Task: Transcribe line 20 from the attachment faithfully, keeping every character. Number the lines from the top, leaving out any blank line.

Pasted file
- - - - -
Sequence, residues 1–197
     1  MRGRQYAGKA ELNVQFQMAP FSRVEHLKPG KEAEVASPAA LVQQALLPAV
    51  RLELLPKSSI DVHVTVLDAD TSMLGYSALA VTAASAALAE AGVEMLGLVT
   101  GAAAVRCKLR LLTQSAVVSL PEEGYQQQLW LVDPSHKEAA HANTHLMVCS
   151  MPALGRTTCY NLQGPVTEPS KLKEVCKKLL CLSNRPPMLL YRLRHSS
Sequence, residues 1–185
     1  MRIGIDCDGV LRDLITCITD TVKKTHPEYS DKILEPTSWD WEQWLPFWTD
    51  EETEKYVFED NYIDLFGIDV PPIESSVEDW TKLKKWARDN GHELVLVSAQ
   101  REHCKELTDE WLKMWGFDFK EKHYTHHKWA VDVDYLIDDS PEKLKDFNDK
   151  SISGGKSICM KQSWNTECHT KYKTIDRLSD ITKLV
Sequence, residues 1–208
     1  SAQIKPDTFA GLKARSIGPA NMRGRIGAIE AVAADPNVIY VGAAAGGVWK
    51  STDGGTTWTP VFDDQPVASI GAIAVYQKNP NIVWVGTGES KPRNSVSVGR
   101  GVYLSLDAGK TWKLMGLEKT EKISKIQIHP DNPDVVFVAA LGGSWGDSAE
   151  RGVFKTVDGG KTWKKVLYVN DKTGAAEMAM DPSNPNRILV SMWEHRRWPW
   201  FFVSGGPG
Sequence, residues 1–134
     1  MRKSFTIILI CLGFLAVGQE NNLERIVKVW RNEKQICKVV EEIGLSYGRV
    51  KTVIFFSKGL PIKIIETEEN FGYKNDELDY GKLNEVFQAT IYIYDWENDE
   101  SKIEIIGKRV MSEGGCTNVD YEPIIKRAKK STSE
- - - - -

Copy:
   101  SKIEIIGKRV MSEGGCTNVD YEPIIKRAKK STSE